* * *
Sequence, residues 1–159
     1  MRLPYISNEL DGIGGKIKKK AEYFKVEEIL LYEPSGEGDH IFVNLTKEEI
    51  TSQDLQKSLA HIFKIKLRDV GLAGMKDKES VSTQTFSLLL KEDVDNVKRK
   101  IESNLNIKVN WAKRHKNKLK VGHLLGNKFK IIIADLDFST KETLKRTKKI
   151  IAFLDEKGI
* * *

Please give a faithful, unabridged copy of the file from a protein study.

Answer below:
Sequence, residues 1–159
     1  MRLPYISNEL DGIGGKIKKK AEYFKVEEIL LYEPSGEGDH IFVNLTKEEI
    51  TSQDLQKSLA HIFKIKLRDV GLAGMKDKES VSTQTFSLLL KEDVDNVKRK
   101  IESNLNIKVN WAKRHKNKLK VGHLLGNKFK IIIADLDFST KETLKRTKKI
   151  IAFLDEKGI